Horse Recovering from New Glaucoma Procedure

VIDEO | A horse that underwent a rare endoscopic laser eye procedure is showing normal intraocular pressure (IOP), a key indication that the procedure has brought his glaucoma under control.

In November, veterinary ophthalmologists from the Animal Eye Clinic in Medford, N.J., performed a new procedure called endoscopic cyclophotocoagulation on the right eye of Alomar, a 13-year-old Anglo-Trakehner gelding. (For more on this see Veterinary Ophthalmologists Using New Equipment to Correct Glaucoma.)

Video: Watch the endoscopic laser procedure.

Watch surgeons perform endoscopic cyclophotocoagulation, the laser procedure used to treat Alomar's glaucoma.

Video courtesy Dr. Thomas Evans.

In glaucoma an overabundance of fluid elevates IOP, and, if left uncontrolled, it eventually damages the optic nerve and causes blindness.

During the 23-minute procedure, James M Clinton, VMD, Dipl. ACVO, of Medford, worked through a tiny incision to apply laser beams to the ciliary body to inhibit the production of excess fluid within the eye.

Even after discontinuing his glaucoma medications two weeks postoperatively, Alomar's IOP has held steady at a normal 16 mm HG. This is a good sign that glaucoma is controlled, said Thomas Evans, DVM, a resident in veterinary ophthalmology who has been treating the horse.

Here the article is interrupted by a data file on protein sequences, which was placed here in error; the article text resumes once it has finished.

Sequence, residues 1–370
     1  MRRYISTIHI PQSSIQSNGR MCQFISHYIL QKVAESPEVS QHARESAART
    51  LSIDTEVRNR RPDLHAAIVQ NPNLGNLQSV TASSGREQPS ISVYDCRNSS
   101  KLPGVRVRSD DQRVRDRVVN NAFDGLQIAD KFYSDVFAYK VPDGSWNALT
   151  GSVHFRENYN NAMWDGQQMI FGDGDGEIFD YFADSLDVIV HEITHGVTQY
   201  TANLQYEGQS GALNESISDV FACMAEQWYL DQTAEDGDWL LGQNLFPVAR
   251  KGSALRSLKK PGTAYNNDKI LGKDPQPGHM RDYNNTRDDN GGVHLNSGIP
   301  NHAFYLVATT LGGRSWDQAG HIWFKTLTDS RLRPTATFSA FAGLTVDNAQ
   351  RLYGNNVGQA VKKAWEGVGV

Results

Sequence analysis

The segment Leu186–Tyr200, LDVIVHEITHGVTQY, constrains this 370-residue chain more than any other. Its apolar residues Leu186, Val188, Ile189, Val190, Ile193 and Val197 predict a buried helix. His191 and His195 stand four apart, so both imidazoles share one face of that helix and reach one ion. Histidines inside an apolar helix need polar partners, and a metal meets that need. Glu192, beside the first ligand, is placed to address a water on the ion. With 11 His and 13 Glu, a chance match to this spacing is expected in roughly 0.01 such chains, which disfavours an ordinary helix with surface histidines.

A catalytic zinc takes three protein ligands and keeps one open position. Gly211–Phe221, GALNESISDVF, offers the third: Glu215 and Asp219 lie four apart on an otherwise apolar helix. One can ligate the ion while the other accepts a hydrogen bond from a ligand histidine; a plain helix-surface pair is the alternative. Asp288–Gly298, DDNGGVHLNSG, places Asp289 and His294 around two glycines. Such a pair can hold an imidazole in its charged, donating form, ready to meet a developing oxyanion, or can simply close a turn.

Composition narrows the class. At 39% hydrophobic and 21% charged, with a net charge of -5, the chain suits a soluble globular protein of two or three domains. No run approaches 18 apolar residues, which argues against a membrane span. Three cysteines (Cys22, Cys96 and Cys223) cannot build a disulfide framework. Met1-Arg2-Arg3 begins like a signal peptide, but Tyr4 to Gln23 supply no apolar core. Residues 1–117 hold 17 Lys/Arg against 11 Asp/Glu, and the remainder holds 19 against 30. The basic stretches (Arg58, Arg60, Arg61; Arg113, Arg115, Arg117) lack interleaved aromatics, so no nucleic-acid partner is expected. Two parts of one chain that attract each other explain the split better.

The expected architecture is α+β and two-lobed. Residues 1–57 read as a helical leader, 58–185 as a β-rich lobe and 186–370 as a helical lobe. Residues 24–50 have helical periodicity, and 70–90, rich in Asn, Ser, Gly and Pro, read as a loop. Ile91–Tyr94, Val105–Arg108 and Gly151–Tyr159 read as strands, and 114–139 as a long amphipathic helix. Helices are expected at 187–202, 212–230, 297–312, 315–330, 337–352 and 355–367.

Alomar’s owner, Marilyn Peterson, said the horse appears to be recovering vision in the eye: “Alomar has been very excited to show me that he can see. Every time he passes a mirror, he stops and looks at himself.”

The procedure has been performed in humans with a 90-95% success rate, but it is rarely performed in animals due to the cost of the specialized equipment ($40,000 to $45,000). In horses glaucoma is most often a condition secondary to uveitis (inflammation of the uvea), although Alomar has primary glaucoma.

It might take another 30 to 60 days to know whether Alomar's vision will fully return. Still, the outcome is positive enough to possibly cause a shift in the way glaucoma is treated in horses.

"Medical treatment options are often used first," noted Evans. "With our positive surgical experience with this horse, early surgical intervention (in future patients) may be indicated."

About the Author

Judith Lee

Judith Lee is a freelance health care writer who has written for a number of medical and health care journals and health care companies. As a long-time equestrian and horse owner, she has a particular interest in equine health care. She also operates an equestrian education program, Riding for Fun, geared toward adult beginners and returning riders.

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